At the 2009 ICAS Convention, Dr. Steven Jarvis presented a study on human factors during the Performer Safety Debrief. This study involved a survey that was distributed to U.S. and European air show performers regarding several questions.
Two questions in this survey provided some valuable insight into the mind of a performer. The survey asked performers both “What show was your worst show of the year?” and “At what show did you come closest to dying?” Interestingly, the data showed that the worst show for most performers was NOT the show that they felt to be the most dangerous.
In his presentation, Dr. Jarvis discussed the findings of his study which determined that during the act of doing something unsafe, we do not think that we are actually doing something unsafe. This postulation, when viewed from the outside, provides much insight onto the difference between the practice environment and the air show environment. It has been noted that there is a transformation from Joe Pilot practicing his routine in his practice box to Joe Pilot performing in front of 75,000 people.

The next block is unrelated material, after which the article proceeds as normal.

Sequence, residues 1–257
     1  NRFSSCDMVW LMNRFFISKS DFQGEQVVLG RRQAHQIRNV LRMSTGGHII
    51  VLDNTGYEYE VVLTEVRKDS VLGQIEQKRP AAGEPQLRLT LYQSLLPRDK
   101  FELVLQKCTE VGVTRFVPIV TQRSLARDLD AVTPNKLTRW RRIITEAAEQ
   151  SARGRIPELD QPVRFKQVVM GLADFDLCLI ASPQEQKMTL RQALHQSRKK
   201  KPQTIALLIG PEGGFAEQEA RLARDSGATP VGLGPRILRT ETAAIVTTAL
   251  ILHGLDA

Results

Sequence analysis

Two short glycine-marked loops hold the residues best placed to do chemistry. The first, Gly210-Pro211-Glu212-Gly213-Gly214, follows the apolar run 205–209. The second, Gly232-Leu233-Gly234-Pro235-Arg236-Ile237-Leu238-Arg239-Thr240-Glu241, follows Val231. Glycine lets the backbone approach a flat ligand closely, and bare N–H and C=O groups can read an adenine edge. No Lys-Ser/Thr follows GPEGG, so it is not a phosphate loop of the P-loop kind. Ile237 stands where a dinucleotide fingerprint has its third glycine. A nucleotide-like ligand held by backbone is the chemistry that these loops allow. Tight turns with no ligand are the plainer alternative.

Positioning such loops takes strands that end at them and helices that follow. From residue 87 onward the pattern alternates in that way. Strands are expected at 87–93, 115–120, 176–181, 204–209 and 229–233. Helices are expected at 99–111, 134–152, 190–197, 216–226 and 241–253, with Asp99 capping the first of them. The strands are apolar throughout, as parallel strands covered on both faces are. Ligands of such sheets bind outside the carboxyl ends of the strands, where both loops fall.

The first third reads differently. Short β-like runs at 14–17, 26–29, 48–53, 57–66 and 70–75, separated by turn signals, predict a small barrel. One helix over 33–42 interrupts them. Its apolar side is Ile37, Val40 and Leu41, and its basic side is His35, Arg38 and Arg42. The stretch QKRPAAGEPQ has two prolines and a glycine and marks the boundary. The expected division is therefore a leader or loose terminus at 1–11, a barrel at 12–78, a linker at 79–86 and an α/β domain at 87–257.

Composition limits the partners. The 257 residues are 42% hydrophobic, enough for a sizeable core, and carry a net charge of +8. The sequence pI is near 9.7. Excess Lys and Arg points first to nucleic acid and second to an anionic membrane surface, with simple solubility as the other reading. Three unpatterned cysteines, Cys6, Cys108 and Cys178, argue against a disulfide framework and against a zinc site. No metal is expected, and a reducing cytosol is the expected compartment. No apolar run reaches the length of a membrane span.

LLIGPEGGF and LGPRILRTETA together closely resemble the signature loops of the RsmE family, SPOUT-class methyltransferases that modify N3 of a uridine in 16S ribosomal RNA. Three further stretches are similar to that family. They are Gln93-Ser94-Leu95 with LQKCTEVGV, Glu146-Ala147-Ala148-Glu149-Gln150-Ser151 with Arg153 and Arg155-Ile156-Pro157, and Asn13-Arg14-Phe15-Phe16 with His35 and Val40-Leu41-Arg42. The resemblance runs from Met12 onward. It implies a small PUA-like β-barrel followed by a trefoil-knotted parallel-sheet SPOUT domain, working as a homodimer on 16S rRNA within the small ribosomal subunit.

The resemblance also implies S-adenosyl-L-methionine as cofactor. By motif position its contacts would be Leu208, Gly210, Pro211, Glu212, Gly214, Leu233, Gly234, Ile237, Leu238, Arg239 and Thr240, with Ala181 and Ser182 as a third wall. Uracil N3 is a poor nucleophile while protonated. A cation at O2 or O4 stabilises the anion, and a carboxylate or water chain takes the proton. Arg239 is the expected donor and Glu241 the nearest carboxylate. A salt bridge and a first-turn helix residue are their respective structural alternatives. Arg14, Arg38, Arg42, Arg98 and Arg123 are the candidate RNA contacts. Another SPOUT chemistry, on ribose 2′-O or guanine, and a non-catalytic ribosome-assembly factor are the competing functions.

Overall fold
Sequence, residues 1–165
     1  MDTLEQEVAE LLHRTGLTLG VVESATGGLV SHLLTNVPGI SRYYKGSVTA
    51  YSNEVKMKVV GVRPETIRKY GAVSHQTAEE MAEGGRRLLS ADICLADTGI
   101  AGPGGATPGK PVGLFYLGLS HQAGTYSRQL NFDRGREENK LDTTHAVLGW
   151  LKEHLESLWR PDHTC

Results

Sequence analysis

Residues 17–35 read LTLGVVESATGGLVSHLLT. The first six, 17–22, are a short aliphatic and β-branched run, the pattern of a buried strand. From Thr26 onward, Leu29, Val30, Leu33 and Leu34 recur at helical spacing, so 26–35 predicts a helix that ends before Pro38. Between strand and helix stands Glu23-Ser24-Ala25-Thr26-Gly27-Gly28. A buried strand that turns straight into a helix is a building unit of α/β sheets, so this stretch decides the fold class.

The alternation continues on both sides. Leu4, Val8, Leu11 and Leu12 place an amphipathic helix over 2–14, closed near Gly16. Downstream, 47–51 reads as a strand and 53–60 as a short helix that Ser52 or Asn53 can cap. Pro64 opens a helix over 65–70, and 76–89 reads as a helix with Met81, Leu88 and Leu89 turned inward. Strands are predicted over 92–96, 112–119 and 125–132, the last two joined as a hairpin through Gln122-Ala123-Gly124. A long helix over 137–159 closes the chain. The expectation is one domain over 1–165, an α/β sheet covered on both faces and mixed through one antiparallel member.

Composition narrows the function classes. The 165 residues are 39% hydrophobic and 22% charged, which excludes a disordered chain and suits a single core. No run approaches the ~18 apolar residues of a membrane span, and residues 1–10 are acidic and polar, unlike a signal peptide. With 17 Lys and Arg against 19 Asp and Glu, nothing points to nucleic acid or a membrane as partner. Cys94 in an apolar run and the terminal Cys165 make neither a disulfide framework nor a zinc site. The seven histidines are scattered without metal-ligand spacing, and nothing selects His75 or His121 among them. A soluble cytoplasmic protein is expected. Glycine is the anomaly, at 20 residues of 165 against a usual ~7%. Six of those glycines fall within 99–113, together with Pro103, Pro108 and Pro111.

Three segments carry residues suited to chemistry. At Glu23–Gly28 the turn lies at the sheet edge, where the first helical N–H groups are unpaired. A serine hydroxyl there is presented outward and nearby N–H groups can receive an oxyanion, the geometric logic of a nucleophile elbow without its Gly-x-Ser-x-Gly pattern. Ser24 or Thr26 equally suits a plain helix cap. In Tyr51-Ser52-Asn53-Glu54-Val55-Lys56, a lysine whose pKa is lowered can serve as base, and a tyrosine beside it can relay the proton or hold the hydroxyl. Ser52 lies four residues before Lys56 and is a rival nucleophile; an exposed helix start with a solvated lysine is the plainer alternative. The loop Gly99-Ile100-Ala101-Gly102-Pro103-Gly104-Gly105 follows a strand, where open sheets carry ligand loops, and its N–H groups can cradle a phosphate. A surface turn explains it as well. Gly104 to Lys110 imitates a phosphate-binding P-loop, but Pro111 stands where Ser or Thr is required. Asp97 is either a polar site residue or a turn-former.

This change in attitude, bravado and adrenaline is not specific to air show performers. Ask Peyton Manning, Michael Jordon or Derek Jeter about the difference between practice and game time. You’ll likely find that the pressure adds many new factors to the equation. Often, this pressure provides adrenaline which numbs our bodies and minds to the emotions, pain and sensations that one typically would experience. This is where the danger lurks: during the course of a performance, we sometimes ignore or fail to recognize the usual warning signs the body gives.
Because of this deadening of senses, the performance feels different than the practice and performers may fall into the trap of feeling more capable than the limits of the body and/or the airplane would normally suggest.
As most experienced performers have discovered, the only solution is consistency. Plan your practice; practice what you planned. Practice distractions. Practice irregularities. Envision as many possible scenarios that can cause you to deviate from your planned show and practice ad nauseam. And when you are overcome by the urge to alter your routine or performance from that which you have practiced, you will be better able to recognize it as the bad and dangerous idea that it is. Through repetition and muscle memory, you will coach yourself to recognize when you are putting yourself into a situation that is induced by adrenaline and 75,000 spectators. When that happens, your mind and body will know exactly what to do and how to respond.